But the persistent thread of openness —  to change in the church and to people who may think differently or disagree — will also be the theme, and flashpoint, of a pivotal Vatican summit of leading bishops that Francis is set to convene next Sunday (Oct. 4)  to discuss concrete ways to welcome families that may not conform to the ideal of the catechism.

 

That three-week meeting, called a synod, will bring together nearly 300 cardinals and bishops to discuss whether, and how, the church can tweak its practices or doctrines to be more open to divorced and remarried Catholics, for example, or to gay Catholics.

 

Francis opened that debate soon after his election in March 2013, and called a synod last October to begin the process of dialogue in the church that he says is needed after decades in which open discussion was discouraged and sometimes harshly censored.

 

But that dialogue has also unleashed a fierce backlash from conservatives, in the pope’s own Vatican bureaucracy and the right wing of the U.S. hierarchy, which has been the source of some of the sharpest criticisms of Francis and his new approach.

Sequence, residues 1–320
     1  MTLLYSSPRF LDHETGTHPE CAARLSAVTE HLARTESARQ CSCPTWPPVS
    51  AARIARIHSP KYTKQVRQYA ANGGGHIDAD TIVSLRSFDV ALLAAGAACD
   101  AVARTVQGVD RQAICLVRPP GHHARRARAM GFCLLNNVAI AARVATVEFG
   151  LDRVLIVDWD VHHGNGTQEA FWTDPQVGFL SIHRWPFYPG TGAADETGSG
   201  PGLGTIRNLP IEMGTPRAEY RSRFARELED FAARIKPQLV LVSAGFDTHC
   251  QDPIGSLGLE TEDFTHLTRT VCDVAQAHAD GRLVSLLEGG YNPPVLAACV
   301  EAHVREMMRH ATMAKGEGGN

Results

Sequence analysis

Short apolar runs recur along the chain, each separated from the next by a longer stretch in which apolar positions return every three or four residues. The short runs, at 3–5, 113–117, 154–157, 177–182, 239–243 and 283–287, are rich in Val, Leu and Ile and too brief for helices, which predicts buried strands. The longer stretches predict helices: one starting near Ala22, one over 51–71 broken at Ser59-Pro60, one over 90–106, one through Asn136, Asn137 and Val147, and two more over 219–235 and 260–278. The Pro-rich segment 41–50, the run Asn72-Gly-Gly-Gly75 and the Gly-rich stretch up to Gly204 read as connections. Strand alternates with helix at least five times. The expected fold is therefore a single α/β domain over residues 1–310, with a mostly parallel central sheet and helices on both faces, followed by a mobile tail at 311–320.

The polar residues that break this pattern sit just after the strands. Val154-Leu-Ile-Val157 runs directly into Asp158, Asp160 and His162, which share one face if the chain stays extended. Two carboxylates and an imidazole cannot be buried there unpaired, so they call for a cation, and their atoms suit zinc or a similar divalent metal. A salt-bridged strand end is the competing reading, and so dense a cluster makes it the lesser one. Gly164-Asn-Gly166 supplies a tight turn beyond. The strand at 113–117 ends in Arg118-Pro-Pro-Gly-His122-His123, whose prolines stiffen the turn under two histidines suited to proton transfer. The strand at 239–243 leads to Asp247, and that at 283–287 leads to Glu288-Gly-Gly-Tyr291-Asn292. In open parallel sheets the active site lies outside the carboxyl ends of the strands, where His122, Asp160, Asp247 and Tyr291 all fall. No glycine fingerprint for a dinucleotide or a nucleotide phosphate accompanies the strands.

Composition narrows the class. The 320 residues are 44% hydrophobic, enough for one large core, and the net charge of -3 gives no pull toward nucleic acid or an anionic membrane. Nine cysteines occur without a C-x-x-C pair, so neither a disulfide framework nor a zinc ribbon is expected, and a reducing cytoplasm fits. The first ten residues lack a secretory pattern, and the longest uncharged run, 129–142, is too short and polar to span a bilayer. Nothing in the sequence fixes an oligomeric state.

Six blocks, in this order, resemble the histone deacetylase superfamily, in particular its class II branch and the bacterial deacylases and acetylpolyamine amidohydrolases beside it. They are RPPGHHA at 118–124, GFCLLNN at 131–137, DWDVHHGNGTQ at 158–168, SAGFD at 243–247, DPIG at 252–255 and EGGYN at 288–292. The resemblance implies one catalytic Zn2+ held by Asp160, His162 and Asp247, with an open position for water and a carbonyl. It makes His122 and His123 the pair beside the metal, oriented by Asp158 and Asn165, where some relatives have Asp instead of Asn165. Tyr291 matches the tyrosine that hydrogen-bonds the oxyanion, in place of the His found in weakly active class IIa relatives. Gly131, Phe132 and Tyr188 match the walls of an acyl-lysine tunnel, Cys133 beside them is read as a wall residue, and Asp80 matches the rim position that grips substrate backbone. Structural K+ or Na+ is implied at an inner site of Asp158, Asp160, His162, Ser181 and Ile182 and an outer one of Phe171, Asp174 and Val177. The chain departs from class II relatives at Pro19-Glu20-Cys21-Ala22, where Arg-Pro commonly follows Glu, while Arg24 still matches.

Charges of heresy and dire warnings of schism have set the stage for the synod, which in many respects — despite the massive media coverage of the U.S. visit — will be much more crucial to the success of Francis’ agenda, and the future course of Catholicism.

 

Yet the U.S. visit, the first to this country by the first Latin American pope in history, was also an important rehearsal of the dynamics Francis is facing.

 

In almost every talk and at almost every appearance, Francis had a chance to endorse and affirm the hierarchy’s priorities — denouncing same-sex marriage as the great threat to the survival of the church, and the Obama administration as an enemy of religious freedom, or blaming secularism and the weak faith of the flock for the church’s decline.

 

Instead, he powerfully, yet almost poetically, turned that calculus on its head, telling the bishops to avoid “harsh and divisive language” that may momentarily satisfy the ego. Rather, as he told them, the shepherds should embrace an approach “which attracts men and women through the attractive light and warmth of love.”